Today is one of those days. One of those days that I’d like to trade in my globetrotting shoes and spend a day in my hometown with family and close friends. It’s a day I’ve always associated with quality family-time, extreme newspaper searching (for Black Friday deals, of course), amazing home-cooked food, games of football hide and seek in my great aunt’s backyard, and the smell of hickory roasted turkey coming from late great-uncle’s grill.
Thanksgiving 2008 with “the cousins”
As a world-traveler and expat, though, you are often not able to celebrate holidays at home, and for the past three years I have celebrated Thanksgiving abroad.
In 2010, I celebrated Thanksgiving in Leeds, England. I was pursuing my M.A. in TESOL Studies at the University of Leeds, and just happened to be the only students from the United States (i.e. leaving any Thanksgiving planning totally up to me). Luckily, I met a few other U.S. students who were studying in Leeds for a semester that wanted to celebrate with me and Ele. Being Thanksgiving, though, I wanted to share it with more than just some U.S. students I hardly knew–So, I decided to make it an international Thanksgiving celebration and I invited my closest classmates and new friends in Leeds. I never imagined it would be so wonderful. We had fairy bread (made by my amazing Aussie friends), Greek dips and salads, turkey, macaroni and cheese, pecan pie, green bean cassarole & sweet potatoe cassarole (made by me and the U.S. students), Japanese pancakes, German potato salad, Thai curry, and much more! The food was delicious, but the company was even better. Being with my new “international” family and sharing with them a tradition close to my heart was a great way to spend my first Thanksgiving away from home.
Australian Fairy Bread
About to eat!
In 2011, I celebrated my second Thanksgiving away from home here in Barranquilla, Colombia. I had only been here for about a month and a half, and Neil, an American co-worker here at UniNorte, offered to host a pot-luck Thanksgiving dinner at his apartment for any and all UniNorte professors that wanted to celebrate. It turned out that there were not only U.S. professors there, but Colombian, Ukranian, and Canadian professors, among others. The food was, again, wonderful–lots of traditional U.S. Thanksgiving foods and also lots of international foods, and, again great company. As I didn’t know a lot of people all that well yet, it also gave Ele and I a chance to spend more time with people we would, in the future, come to love as dear friends here in Colombia.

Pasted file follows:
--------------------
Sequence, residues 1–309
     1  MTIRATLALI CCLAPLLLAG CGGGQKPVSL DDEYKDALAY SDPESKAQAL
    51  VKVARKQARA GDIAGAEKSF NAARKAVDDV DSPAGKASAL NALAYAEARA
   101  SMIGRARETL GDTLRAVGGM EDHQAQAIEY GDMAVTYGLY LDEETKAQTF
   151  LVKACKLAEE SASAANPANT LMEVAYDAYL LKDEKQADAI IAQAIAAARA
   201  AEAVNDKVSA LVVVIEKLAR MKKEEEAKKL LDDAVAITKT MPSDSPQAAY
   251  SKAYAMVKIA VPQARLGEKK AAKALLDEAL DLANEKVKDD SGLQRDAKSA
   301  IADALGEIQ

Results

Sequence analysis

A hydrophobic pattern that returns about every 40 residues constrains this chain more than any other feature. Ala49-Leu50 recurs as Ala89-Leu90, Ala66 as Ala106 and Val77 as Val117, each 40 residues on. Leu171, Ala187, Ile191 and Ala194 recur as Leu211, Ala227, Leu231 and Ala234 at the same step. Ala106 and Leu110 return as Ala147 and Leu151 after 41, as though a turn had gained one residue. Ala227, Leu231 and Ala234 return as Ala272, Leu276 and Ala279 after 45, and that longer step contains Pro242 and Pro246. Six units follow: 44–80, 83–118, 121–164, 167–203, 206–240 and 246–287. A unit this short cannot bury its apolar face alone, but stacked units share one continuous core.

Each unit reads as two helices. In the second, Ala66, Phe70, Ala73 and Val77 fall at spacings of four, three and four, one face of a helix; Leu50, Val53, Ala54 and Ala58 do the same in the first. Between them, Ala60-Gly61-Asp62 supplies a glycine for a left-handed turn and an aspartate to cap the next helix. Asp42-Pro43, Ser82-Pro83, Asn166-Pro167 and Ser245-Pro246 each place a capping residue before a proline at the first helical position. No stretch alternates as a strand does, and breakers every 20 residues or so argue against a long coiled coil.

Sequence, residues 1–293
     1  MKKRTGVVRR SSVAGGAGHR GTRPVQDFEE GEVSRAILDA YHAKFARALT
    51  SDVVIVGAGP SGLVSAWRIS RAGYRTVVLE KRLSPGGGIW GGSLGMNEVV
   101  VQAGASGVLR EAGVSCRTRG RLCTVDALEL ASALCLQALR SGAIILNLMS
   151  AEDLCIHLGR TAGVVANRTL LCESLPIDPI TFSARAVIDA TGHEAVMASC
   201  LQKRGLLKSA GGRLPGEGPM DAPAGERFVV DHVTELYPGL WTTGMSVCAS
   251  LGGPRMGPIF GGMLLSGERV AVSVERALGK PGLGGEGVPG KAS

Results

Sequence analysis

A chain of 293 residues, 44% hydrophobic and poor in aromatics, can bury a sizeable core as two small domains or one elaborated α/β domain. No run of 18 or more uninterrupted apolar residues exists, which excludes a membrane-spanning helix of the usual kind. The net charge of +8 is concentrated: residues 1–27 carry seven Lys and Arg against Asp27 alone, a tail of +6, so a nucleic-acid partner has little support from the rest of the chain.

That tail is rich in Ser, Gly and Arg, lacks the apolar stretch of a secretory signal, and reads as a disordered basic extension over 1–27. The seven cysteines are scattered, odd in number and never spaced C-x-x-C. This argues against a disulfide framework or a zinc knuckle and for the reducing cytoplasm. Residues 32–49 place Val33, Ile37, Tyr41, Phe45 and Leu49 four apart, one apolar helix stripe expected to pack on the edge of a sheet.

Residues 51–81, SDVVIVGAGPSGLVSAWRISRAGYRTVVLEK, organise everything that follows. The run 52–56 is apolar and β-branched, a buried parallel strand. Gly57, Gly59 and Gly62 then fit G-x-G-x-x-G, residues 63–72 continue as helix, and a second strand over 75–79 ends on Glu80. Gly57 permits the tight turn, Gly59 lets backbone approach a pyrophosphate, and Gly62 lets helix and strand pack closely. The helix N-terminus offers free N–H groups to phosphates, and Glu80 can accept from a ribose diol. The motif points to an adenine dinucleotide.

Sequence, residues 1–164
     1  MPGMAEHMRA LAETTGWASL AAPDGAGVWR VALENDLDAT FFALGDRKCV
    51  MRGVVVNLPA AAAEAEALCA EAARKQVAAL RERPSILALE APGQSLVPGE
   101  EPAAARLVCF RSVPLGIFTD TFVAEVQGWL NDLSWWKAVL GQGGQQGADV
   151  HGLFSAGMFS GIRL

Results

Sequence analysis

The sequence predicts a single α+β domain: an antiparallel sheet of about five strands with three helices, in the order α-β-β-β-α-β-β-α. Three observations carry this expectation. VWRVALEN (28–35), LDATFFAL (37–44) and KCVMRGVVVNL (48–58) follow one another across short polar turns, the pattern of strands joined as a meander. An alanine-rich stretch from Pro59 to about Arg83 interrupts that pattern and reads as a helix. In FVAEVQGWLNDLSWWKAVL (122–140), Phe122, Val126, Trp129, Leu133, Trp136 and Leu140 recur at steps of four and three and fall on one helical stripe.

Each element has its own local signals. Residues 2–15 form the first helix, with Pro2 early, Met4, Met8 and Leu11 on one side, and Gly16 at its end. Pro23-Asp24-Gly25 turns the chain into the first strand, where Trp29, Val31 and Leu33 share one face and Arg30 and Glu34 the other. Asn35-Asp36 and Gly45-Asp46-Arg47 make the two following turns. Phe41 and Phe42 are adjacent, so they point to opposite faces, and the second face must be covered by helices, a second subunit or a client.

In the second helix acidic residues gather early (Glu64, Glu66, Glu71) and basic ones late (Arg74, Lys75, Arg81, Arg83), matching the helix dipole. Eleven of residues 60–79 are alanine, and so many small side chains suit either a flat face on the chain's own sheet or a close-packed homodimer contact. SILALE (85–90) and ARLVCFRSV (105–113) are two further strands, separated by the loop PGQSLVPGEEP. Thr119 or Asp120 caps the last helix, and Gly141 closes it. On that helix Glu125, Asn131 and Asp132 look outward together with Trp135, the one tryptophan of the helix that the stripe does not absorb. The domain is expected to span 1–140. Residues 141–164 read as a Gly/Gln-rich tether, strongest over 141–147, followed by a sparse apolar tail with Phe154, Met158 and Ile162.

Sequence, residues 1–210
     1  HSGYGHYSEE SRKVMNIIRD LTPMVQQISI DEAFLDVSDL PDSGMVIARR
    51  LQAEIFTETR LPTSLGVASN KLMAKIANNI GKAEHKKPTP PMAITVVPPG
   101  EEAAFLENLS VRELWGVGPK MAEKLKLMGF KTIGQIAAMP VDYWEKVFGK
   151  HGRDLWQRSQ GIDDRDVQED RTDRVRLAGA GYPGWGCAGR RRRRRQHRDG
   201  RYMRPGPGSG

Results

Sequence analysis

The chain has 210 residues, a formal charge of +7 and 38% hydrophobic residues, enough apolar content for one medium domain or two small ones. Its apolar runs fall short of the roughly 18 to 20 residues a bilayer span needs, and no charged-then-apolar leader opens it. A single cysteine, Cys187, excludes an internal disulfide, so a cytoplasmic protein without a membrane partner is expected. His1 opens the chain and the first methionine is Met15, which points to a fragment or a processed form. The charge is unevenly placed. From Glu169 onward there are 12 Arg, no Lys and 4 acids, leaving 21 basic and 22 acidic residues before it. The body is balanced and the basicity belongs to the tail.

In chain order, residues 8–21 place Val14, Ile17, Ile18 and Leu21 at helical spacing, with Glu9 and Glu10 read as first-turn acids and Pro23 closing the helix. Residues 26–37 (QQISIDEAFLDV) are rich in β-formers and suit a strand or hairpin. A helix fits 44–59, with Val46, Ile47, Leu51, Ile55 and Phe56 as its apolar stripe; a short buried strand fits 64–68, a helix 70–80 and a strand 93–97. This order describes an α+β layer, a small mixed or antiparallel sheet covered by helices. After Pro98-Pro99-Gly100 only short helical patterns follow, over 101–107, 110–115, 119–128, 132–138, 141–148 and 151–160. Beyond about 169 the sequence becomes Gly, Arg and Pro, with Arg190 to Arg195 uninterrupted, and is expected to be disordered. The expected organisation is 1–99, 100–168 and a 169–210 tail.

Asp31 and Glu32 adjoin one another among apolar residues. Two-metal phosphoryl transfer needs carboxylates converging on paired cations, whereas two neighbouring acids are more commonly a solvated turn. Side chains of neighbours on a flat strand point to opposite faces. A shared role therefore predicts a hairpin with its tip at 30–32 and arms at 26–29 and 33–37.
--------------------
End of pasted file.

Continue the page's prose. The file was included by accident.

Thanksgiving 2011 with my co-workers!
Thanksgiving food 2011- (Kudos to Masonya for the pictures)
This year, I had Thanksgiving on a Tuesday. Yes, a Tuesday. That happened for two reasons: 1) The hostess decided to have the Thanksgiving dinner that night and 2) Our end of the year party for UniNorte language professors is tonight (Thanksgiving). This year Thanksgiving dinner was hosted by our friend Katie, who is a ELF (English Language Fellow) from Georgetown University. She orderd a pre-cooked turkey, I took homemade macaroni and cheese & creamed corn; there was pumpkin butter desserts, mashed potatoes, Russian salad, rolls, and more. It was a wonderful celebration that made me reflect on just how lucky and grateful I am to have made so many incredible friends here in Barranquilla.
Amazing napkins sent by mom & used in our 2012 Thanksgiving dinner
A portion of my 2012 Thanksgiving meal
While a lot of expats struggle more with Christmas holidays & celebrations, I find Thanksgiving away from home just as tough to deal with. While it doesn’t really get “easier” to celebrate these holidays without those I love the most, it does hurt a little less when you are surrounded by good friends & “foreign family.”It’s definitely a different experience celebrating traditionally family-oriented holidays with friends and new acquaintances, however, it helps you see things in a different light, and it has helped me to create a new concept of “being grateful” (maybe more on that in another post!).
Today, especially, I am extremely thankful for my international community of family, friends, and co-workers here in Colombia. They make my life (and Ele’s too) “that much better.” 🙂 I am very thankful for the life I have been blessed with and the people I’ve crossed paths with all over the world, both recently and in the past–they have helped me become who I am and helped to make it where I am.
Cheers to being grateful…